The Help” is a novel written by Kathryn Stockett

The Help” is a novel written by Kathryn Stockett. This is about coloured maids working for white people and how they are treated in the 1960s. This book focusses on a time when white people were thought to be superior and were segregated from the coloured people. Every two chapters Kathryn writes in the point of view of a different character, changing from the maid Aibileen Clark to her best friend Minny Jackson and then to the white lady Miss Skeeter. This novel portrays how young children are ignorant to their parents views of coloured people, Mae Mobley the young girl who Aibileen raised says “You my real mama, Aibi.” but then will most likely grow up to be just like her mother. Miss Eugenia ‘Skeeter’ Phelan does not agree with these views and with the help of Aibileen convinces others maids to be a part of her book and tell their story of being a maid; both good and bad stories. I personally would recommend this book as this is a very enjoyable story as it is not only educational learning about how life was compared to present times but also a very interesting read with humour and engaging language.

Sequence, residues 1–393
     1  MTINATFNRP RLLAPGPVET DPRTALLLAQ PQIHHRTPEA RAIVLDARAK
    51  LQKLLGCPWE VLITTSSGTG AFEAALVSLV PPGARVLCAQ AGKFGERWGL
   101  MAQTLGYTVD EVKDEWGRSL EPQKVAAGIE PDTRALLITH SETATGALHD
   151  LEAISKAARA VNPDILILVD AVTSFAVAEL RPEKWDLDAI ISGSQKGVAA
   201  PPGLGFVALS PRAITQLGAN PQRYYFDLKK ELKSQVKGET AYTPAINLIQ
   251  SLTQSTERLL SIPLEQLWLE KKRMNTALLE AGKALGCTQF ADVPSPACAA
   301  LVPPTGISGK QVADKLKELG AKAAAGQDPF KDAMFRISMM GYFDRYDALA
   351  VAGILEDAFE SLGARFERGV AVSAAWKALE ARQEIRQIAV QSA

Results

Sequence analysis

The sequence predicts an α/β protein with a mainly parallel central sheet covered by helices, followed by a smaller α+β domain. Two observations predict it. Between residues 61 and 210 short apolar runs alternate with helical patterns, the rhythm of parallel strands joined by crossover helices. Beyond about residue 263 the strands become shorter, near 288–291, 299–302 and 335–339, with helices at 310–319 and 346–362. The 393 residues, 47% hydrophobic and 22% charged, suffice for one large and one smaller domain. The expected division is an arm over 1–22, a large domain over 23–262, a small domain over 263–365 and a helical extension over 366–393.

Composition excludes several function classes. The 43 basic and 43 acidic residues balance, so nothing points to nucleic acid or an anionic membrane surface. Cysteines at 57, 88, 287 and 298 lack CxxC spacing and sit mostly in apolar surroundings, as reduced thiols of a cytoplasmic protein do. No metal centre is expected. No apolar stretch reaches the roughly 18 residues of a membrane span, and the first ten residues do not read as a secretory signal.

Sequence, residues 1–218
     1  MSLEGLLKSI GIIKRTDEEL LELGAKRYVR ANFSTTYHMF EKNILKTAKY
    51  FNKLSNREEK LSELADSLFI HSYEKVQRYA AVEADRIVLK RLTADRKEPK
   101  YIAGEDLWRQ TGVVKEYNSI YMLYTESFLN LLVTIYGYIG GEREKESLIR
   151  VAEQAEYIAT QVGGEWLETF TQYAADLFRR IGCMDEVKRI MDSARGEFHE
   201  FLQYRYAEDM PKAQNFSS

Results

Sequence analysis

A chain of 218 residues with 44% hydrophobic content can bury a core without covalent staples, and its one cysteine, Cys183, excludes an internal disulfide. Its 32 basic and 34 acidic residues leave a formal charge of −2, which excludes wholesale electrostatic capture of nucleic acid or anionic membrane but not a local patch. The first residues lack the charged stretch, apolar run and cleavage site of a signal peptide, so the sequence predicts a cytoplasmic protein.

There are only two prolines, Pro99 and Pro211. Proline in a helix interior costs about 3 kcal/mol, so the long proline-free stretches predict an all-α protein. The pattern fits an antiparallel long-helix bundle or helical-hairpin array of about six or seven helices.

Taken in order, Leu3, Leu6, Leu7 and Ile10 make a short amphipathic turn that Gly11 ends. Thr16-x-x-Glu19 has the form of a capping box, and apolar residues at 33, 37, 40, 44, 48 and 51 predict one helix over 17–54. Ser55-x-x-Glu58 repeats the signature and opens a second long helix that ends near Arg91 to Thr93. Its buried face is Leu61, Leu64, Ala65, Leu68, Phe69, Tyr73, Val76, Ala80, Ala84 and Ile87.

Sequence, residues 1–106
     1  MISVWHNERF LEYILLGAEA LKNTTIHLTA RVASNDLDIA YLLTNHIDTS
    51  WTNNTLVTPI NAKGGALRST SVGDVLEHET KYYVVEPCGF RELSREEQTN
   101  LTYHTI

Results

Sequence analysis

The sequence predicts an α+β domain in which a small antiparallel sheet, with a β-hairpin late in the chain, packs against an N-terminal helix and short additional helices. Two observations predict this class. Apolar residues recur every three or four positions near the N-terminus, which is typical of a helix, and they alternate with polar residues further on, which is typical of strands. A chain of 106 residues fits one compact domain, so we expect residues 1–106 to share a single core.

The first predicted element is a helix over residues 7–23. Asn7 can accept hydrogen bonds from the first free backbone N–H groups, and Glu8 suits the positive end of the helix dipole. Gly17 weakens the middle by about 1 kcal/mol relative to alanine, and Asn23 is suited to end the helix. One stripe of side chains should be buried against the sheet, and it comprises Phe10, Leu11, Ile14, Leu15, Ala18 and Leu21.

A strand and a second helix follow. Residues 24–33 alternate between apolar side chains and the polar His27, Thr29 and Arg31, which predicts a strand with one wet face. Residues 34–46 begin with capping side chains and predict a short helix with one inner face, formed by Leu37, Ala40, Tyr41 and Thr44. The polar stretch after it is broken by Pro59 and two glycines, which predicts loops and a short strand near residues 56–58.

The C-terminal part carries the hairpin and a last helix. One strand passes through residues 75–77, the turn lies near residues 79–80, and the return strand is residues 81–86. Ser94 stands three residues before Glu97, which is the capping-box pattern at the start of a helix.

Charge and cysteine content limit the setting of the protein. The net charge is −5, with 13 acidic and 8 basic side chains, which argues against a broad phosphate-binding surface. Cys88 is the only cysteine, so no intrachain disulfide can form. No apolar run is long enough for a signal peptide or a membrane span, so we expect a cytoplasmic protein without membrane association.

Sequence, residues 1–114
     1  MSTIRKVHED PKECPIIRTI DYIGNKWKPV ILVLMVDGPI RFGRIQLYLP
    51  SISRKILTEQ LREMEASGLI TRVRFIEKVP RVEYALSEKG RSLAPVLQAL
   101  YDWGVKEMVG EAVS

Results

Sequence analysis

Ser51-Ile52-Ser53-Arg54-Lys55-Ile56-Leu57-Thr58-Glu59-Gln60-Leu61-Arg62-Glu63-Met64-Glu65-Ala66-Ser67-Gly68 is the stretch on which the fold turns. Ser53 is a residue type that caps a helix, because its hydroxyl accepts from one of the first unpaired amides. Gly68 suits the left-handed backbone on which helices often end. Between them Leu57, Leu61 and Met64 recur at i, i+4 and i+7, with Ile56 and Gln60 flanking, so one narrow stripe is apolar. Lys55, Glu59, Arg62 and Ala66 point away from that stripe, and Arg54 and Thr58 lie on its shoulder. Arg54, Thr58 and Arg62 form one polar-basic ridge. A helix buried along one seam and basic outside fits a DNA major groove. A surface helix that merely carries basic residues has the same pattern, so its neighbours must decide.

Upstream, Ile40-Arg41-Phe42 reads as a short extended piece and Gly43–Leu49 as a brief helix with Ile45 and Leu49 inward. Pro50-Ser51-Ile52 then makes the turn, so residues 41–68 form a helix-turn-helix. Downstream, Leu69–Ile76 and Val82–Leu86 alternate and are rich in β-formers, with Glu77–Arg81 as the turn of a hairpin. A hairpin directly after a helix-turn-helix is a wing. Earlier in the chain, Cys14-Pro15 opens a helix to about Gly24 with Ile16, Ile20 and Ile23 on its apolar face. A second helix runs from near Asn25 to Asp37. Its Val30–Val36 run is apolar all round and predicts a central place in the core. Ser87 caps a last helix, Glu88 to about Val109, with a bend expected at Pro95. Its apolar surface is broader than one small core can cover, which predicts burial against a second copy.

A very important quote in this book that is repeatedly constantly is, “You is kind. You is smart. you is important.” This is said by the maid Aibileen to the little girl she raises Mae Mobley. This quotes relates to the theme of self acceptance as Aibileen wanted to teach Mae Mobley to accept herself and love who she is even though her mother does not treat her like she is important and just brushes her off as a problem. I think this is sad that a mother hires someone to raise and love her own child and views her child as a chore rather than a blessing. After years of Aibileen looking after the little girl, Mae Mobley says, “You my real mama, Aibi.” which shows that children realise when their mother does not want them. This is still common in todays society, not hiring a maid to look after your children but ignoring them and them seeing someone else as their mother/ father figure. Readers may be able to relate to looking up to someone outside the family as their role model and will be able to understand Mae Mobley loving Aibileen like she is her “real mama.” This quote also relates to the theme of racism as children are metaphorically blind to a persons skin colour which I believe shows how pure a child is until they are taught the ‘right’ way of life. After Aibileen has raised 17 children and watched them grow up like their parents she watches Mae Mobley and thinks, “I want to stop that moment from coming – and it come in every white child’s life – when they start to think that coloured folks are not as good as whites.” This quote shows how she wants something to change which is motivation for her to help Miss Skeeter succeed in her book.